Technology arrived in San Antonio just as early -- in fact, the PC industry was born there. Founded in 1968 with local investments, Computer Terminal Corp. (later renamed Datapoint) began shipping the Datapoint 2200 desktop computer in 1971. The company could have used a chip from fellow startup Intel, but chose not to wait for Intel to reduce its processor to a single chip. Intel eventually put that chip on the market as the 8008, which was later enhanced to the 8080 and then the 8086 and so on, sparking the x86 microprocessor dynasty.

For its part, Datapoint was unable to compete with the subsequent flood of x86-based PCs, but the company's dissolution didn't have too much of an effect on San Antonio's tech sector, thanks in part to the area's large military economy.

Founded originally as a frontier garrison, San Antonio still hosts several large U.S. Army and Air Force installations, recently including the headquarters of the 24th Air Force, which handles cybersecurity and cyber combat for the U.S. Air Force.

Beyond the numbers

But jobs, salaries, the cost of living, weather and taxes turn out to be increasingly superficial considerations. "Today the trend, very specific to the millennial generation, is to first decide where to live and then find a job there," says Gomez. And what young people look for are cities where they can walk to work and walk to stores, restaurants and recreational sites. "They do not want to be beholden to a car," he notes, and therefore they prefer high-density urban areas.

Weston agrees, saying, "They want to live in a vibrant urban core, with high-quality and affordable housing, plenty of restaurants and bars and music clubs and other entertainment venues, good parks and bike paths and other outdoor recreation, and good public transit options."

Many locales in the Southwest may not fit the bill. The region has what Gomez calls "sprawl cities," spreading over cheap land to the horizon, making a car indispensable. However, both Austin and San Antonio are trying to do something about that.

In Austin, city leaders have been promoting high-density development since the late 1990s, leading to projects in the downtown area and east of Interstate 35 (which runs north to south just east of downtown) and south of the Colorado River (which runs east to west just south of downtown), says Long.

In San Antonio high-density development has been underway along recent extensions of the River Walk, both north and south of the downtown tourist district, says Gomez. Weston, who is a real estate developer as well as head of Rackspace, says he is personally involved in such development.

Then there is the question of charm. Austin has been careful to promote a reputation for eccentricity, embodied in the phrase "Keep Austin Weird" (which was coined by a DJ and later trademarked by a T-shirt company).

Long cautions that the idea that Austin is "weird" is more easily understood in context: Being accepting of those who dress differently, embrace alternative lifestyles and pursue a Dada-esque arts scene doesn't make the city any weirder than a lot of others, and it probably pales in comparison with, say, New Orleans, he says. But when you consider the fact that Texas conservatism prevails beyond Austin's borders, the embrace of eccentricity -- not to mention environmentalism -- is an example of what Long calls "Austin exceptionalism."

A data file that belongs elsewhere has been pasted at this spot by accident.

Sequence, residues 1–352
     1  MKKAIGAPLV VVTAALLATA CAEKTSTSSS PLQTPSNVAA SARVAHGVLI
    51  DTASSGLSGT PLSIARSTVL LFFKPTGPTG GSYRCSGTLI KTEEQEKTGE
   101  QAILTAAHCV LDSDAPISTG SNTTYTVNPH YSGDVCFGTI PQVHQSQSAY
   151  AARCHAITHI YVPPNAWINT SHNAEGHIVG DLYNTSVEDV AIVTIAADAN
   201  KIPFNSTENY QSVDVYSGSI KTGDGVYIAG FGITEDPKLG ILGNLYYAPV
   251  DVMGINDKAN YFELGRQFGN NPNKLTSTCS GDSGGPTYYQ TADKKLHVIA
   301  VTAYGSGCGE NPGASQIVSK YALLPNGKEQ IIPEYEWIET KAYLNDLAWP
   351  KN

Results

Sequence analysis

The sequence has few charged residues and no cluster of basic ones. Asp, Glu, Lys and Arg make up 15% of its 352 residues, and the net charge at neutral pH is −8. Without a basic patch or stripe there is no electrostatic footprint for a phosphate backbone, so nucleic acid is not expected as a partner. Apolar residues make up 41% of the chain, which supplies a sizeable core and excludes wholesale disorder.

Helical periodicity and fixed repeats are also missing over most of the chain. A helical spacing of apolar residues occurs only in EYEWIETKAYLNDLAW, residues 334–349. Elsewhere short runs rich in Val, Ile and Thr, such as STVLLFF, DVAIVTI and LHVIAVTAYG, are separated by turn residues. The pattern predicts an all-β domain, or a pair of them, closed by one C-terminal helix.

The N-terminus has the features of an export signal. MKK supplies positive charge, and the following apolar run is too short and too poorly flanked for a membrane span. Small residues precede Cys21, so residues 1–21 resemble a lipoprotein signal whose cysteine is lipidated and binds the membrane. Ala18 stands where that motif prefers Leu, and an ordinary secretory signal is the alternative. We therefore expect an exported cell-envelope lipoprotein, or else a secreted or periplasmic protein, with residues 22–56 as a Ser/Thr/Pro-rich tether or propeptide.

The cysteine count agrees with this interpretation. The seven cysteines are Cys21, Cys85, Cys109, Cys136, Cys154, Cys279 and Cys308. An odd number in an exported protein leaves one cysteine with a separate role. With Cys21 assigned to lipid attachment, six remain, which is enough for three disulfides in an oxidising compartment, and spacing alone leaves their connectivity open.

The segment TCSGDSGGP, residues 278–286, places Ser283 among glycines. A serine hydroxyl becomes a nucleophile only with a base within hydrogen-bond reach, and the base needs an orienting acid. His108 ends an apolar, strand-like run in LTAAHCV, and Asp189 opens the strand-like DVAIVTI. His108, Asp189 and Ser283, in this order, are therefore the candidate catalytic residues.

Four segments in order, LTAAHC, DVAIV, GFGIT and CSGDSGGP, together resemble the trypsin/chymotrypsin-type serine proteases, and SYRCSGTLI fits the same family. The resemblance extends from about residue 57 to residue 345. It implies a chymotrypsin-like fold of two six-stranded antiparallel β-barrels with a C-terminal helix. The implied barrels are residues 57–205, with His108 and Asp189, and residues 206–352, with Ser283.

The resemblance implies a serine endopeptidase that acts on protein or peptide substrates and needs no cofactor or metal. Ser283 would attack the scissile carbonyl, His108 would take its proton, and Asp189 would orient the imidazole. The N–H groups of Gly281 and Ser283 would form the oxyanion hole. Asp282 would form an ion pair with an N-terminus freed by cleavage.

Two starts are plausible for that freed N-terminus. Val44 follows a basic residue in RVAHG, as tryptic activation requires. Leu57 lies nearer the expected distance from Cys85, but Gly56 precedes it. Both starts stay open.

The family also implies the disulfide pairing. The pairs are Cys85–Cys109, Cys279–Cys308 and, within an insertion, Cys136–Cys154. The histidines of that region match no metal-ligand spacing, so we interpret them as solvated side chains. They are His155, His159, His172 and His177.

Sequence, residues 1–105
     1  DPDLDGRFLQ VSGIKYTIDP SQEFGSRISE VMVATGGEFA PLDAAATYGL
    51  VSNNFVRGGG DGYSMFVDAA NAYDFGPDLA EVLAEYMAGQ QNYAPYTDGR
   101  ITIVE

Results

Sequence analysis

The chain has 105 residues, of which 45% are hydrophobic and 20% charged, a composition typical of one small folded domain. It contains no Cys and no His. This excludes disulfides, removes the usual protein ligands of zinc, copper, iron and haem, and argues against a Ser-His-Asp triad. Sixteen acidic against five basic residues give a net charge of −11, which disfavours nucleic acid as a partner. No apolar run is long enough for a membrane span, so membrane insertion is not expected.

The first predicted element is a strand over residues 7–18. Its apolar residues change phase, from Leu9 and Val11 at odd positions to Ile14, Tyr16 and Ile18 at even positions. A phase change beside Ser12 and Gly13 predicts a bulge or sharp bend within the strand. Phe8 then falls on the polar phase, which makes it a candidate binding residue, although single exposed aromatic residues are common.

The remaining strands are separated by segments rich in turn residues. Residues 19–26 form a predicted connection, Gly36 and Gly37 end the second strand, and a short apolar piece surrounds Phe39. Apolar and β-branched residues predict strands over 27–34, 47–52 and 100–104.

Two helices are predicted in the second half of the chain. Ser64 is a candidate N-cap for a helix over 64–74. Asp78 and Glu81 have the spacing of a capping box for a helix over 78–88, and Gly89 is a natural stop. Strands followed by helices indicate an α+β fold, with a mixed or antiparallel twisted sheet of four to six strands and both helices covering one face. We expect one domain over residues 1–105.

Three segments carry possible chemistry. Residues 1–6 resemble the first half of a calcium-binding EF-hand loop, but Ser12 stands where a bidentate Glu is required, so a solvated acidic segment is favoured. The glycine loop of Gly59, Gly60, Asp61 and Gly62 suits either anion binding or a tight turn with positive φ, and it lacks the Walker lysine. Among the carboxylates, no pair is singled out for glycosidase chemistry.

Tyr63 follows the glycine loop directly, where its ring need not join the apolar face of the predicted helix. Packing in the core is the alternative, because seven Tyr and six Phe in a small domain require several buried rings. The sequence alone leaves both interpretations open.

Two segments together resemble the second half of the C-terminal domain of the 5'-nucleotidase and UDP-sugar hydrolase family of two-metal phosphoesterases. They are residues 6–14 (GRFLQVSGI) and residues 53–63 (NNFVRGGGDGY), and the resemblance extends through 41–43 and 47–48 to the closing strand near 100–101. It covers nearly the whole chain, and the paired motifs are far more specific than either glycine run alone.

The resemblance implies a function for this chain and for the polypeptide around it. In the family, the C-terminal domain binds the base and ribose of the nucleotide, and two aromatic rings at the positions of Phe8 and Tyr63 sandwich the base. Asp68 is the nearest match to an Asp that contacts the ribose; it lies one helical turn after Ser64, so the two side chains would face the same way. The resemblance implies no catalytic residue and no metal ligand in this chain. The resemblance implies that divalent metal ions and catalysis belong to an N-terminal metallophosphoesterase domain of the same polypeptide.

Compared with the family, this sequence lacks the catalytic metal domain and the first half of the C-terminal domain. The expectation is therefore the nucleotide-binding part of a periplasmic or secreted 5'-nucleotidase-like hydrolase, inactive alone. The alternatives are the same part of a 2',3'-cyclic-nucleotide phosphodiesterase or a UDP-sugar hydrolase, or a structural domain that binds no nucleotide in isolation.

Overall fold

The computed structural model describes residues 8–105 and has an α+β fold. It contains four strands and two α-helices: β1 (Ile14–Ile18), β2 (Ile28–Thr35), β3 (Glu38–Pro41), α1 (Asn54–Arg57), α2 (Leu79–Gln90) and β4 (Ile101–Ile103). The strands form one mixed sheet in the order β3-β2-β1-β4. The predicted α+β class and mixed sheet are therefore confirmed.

"You can find beautiful landscapes in other cities, but there are people in Austin who believe they live in a perfect, exceptional oasis compared to the rest of Texas, and even the U.S.," Long says.

Music scene

Another major contributor to Austin's identity is the music industry. Music journalist, author and filmmaker Joe Nick Patoski says the music scene probably rivals the technology industry when it comes to attracting newcomers to Austin, which bills itself as the "live music capital of the world."

"There is a disproportionate number of live music venues -- you can hit 10 clubs easily in a night. Austin musicians are considered artists and given respect, even if they're starving," he notes. "Austin is cool, and that's not a marketing tool, but a grass-roots spirit you cannot create -- but from it have arisen profitable companies."

The PBS TV show Austin City Limits, which features music recorded live in Austin, has been on the air since 1976. The annual South By Southwest (SXSW) arts conference began as a music festival in 1987 and has since expanded to include film and interactive technology, according to Patoski.

Now that the tourists have discovered Austin's music venues, the hipsters are gravitating to the burgeoning local food scene; they'd rather stand in line outside a celebrity chef's hole-in-the-wall restaurant than wait to get into a dive club to see a band, Patoski says.

San Antonio, meanwhile, has shown less urgency about trying to establish a defining atmosphere. Or perhaps that lack of urgency is the defining atmosphere. "San Antonio is a third-gear city," says Gomez. "No one is in a hurry, whereas New York and London are in fifth gear. And the city is about relationships -- people ask about your wife and kids. If you want transactional interactions, there are other cities for that."

Gomez adds that San Antonio's proximity to Mexico and its heavily Hispanic culture -- Spanish is the predominant language in many parts of the city-- makes it easy to attract Mexican startups.

"We look for geeks with a great bedside manner, and there are a disproportionate number in San Antonio," Weston says. "One reason, I think, is that we've long had a thriving hospitality industry and a big military sector. People here, through their family upbringing and experience, tend to be polite and helpful."

Meanwhile, Long notes that it remains to be seen how the area's quality of life, if not its "weirdness," can be maintained in the face of continued growth. Traffic congestion is an issue, compounded by heavy trucks carrying Mexican imports down Interstate 35. And affordable housing is becoming scarce in Austin because of gentrification and the construction of luxury homes, he notes.

Regardless, "Austin is the creative center between the coasts," says Patoski. "Young people continue to flock here."